Opinions expressed by Entrepreneur the contributors are their own.
the 2023 Super Bowl It’s just under a month away, and if you remember anything about last year’s game, the sheer number of multi-million dollar crypto announcements indicated that the industry was on the verge of going mainstream. Suffice it to say that the rest of the year would not be so prosperous. Although it seems unlikely that we’ll see any more flashy, celebrity-studded ads for crypto platforms hitting our screens in February, that doesn’t mean crypto is a dead industry in the slightest.
Everyone likes to root for the underdog, but there are a few variables that investors, institutions, and entrepreneurs need to consider before going full speed ahead on a particular project. block chain niche. Blockchain is in a much different position than it was a year ago, with external factors such as incoming regulation and broader market trends playing a role in which projects will get or deserve substantial backing.
Related: 5 Things to Expect from Crypto in 2023
A child prodigy is not enough
This time last year, the cryptocurrency bull run was dominated by easily digestible projects for the public: think large exchanges, NFTs, Web3 and some DeFi. Typically, the higher-profile projects were headed by a wise-guy leader, a megacorporation with endless cash flow, or both.
While a cult of personality can certainly attract new audiences and sell them a product, increased attention becomes a double-edged sword once the going gets tough. Once the crypto winter went into full force, skeptics probably felt vindicated seeing the more founder-centric dramatic declines.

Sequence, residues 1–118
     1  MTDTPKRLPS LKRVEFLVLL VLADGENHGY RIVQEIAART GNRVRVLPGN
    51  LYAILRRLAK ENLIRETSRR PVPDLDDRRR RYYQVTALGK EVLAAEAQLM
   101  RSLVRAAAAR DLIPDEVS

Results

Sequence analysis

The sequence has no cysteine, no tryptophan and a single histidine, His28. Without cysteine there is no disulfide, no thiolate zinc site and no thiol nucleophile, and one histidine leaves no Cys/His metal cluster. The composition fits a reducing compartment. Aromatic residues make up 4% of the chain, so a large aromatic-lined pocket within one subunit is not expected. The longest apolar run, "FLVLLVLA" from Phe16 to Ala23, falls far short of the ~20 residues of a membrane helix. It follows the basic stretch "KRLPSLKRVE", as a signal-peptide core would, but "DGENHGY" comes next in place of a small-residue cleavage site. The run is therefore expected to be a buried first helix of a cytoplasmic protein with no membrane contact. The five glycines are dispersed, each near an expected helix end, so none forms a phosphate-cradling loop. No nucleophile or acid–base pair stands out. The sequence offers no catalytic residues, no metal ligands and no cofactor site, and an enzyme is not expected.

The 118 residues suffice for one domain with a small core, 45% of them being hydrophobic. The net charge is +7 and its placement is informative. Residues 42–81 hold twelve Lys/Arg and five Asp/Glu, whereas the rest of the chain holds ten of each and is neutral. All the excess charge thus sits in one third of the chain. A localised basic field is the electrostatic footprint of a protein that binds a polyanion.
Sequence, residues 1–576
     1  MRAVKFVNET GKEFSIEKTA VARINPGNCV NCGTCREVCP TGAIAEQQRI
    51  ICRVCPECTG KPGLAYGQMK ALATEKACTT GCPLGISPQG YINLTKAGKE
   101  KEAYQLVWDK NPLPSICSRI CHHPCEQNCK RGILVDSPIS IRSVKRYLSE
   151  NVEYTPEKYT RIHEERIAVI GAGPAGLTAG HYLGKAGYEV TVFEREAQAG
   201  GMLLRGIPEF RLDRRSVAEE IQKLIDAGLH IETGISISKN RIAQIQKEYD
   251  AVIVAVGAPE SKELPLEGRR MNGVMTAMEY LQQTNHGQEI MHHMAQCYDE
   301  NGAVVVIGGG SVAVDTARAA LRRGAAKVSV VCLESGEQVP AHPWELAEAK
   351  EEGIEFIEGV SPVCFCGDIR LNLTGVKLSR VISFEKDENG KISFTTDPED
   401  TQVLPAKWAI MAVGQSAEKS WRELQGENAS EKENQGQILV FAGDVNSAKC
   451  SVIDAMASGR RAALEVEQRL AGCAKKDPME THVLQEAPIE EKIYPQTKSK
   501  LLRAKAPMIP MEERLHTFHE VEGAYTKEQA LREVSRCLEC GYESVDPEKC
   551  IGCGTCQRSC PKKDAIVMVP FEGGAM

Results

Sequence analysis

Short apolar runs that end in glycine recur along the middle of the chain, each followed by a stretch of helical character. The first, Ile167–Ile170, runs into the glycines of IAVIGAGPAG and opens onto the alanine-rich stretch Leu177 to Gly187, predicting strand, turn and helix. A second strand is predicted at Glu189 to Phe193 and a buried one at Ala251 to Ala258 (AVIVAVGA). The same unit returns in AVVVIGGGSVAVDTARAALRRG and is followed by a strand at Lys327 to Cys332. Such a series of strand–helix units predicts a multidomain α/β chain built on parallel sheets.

But any entrepreneur knows that projects that fail don’t necessarily dictate the future of an entire industry. Now is an opportune time to get creative and look for valuable crypto uses that have gone under the radar until now, perhaps for all the wrong reasons. So if everyone has apparently learned their lesson about investing in projects based on charisma (or the lack thereof) alone, should we look for projects that work in conjunction with new technological developments?
The recent general public fascination with AI fueled by OpenAI’s near miraculous generative AI model, ChatGPT, it could be a signal for the next steps of crypto. Some startups are already betting on its potential to transform entire industries thanks to its fluency and competent prose. But despite AI’s clear advances and ease of use, it may not be ready for significant mainstream implementation in cryptography.
Related: Microsoft invests billions in OpenAI, creator of ChatGPT
Most of the proposals to merge AI with cryptocurrency involve accessibility and fraud prevention. AI could help create a better user experience, while machine learning’s propensity for patterns can flag unusual or risky transactions before they become catastrophic.
So far, AI has not proven vital to industry-wide efforts to control and manage risk. Companies like Spool, for example, already create comprehensive DeFi tools for individual and institutional investors to build diversified and risk-assessed portfolios for DeFi come back easily.